Quest for ultimate memory begins

Imagine being able to record every interesting conversation you have ever held in your life, not to mention all the photos and writing you have done.

    Photo capture system from Microsoft will revolutionise storage

    Top internet researchers attending the annual World Wide Web conference in New York this week heard all about a data storage device so powerful it could record every and anything you ever do.
       
    Head of research for Microsoft Corp, Rick Rashid, said there would be very little reason for anyone to throw anything away ever again.

    In a keynote speech to the conference, he has described what consumers might do with a terabyte of data storage that costs around $1000 and is capable of holding more than one trillion bytes of computer data.
       
    "You can store every conversation you have ever had, from the time you are born to the time you die," Rashid said.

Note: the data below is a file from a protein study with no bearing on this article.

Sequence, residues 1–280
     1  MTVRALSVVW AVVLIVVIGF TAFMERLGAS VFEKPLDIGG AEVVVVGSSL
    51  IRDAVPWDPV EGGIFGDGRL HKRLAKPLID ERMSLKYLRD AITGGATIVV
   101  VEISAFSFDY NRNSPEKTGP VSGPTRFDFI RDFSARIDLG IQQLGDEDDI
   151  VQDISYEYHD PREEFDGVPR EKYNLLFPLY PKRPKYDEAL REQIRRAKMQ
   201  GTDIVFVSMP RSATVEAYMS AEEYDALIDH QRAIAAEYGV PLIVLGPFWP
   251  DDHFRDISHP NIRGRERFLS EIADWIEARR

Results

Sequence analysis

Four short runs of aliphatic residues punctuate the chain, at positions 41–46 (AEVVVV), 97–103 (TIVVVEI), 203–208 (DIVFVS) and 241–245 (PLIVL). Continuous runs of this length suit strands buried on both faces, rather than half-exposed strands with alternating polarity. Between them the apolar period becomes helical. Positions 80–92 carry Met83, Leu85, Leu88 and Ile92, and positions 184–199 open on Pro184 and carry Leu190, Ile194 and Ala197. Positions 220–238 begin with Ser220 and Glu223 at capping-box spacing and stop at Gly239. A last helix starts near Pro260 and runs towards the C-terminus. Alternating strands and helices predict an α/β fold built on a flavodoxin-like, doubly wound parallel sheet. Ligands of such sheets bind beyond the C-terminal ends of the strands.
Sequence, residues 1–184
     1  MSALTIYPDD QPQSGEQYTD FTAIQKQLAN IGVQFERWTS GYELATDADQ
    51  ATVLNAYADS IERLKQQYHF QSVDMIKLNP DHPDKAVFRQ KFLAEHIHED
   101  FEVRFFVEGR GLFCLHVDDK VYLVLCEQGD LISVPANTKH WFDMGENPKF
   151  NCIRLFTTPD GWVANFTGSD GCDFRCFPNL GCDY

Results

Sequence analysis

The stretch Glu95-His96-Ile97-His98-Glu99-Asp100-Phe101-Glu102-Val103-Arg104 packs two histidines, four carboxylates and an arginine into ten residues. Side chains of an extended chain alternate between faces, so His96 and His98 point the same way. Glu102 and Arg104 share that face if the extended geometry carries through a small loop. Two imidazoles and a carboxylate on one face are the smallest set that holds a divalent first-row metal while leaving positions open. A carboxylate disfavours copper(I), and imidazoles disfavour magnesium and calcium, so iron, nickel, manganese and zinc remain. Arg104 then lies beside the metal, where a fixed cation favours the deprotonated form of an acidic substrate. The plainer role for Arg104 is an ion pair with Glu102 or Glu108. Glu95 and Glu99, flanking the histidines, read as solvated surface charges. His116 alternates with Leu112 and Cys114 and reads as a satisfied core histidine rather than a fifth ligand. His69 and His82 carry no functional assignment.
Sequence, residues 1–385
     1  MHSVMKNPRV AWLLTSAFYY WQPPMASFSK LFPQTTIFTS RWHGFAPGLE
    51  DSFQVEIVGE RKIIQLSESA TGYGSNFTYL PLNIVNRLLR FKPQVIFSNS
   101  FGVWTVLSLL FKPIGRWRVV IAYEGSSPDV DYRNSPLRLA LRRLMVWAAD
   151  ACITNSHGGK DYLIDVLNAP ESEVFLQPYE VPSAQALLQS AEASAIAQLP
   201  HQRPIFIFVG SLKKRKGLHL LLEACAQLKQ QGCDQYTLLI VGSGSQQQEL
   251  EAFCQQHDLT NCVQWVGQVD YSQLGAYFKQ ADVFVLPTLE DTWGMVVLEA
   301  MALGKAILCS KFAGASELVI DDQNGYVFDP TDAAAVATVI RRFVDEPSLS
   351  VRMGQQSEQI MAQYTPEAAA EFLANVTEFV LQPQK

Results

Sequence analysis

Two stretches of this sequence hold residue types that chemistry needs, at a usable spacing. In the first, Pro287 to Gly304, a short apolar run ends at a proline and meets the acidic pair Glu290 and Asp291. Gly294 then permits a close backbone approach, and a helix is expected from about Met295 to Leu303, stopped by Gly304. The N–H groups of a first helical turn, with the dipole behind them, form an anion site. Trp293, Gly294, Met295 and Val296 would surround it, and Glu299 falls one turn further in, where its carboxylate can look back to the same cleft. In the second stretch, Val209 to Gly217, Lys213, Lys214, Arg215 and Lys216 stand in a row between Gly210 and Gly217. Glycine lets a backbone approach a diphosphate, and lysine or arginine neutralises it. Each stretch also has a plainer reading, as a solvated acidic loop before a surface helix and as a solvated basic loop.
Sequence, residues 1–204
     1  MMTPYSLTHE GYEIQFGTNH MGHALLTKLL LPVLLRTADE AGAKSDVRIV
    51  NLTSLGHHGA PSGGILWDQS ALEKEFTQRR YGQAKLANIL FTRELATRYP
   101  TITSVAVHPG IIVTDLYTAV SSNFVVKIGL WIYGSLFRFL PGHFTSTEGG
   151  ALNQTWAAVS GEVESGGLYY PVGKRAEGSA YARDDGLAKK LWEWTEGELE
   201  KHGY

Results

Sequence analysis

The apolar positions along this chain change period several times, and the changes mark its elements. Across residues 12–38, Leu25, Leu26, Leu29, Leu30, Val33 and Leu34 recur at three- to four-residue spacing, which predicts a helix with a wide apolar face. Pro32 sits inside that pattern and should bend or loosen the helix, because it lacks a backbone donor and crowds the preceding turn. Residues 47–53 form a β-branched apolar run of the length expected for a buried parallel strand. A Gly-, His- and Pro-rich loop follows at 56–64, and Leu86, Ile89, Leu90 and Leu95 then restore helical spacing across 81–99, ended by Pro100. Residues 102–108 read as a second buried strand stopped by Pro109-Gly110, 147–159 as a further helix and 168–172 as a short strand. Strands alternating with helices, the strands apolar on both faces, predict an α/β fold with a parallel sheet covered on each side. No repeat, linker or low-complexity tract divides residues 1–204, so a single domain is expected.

Visual record

    The memory is such that a person could snap a picture with a 180-degree fish-eye view of one's surroundings for every minute of every day for the rest of one's life.
       
    Microsoft researchers in the United Kingdom have built prototypes of such a life-recording device called SenseCam.

    They are gearing up for a second generation of photo capture systems no bigger than a necklace pendant, Rashid said.
      
    "Obviously this raises a whole lot of issues about privacy and the control of one's personal information," Rashid said.
      
    "But this is where we are going. It's already the case that kids are walking around with cameraphones taking a lot of pictures. This is just an extension of that," he said. 

    SOURCE: AFP


    YOU MIGHT ALSO LIKE

    Double standards: 'Why aren't we all with Somalia?'

    Double standards: 'Why aren't we all with Somalia?'

    More than 300 people died in Somalia but some are asking why there was less news coverage and sympathy on social media.

    How Moscow lost Riyadh in 1938

    How Moscow lost Riyadh in 1938

    Russian-Saudi relations could be very different today, if Stalin hadn't killed the Soviet ambassador to Saudi Arabia.

    Kobe Steel: A scandal made in Japan

    Kobe Steel: A scandal made in Japan

    Japan's third-largest steelmaker has admitted it faked data on parts used in cars, planes and trains.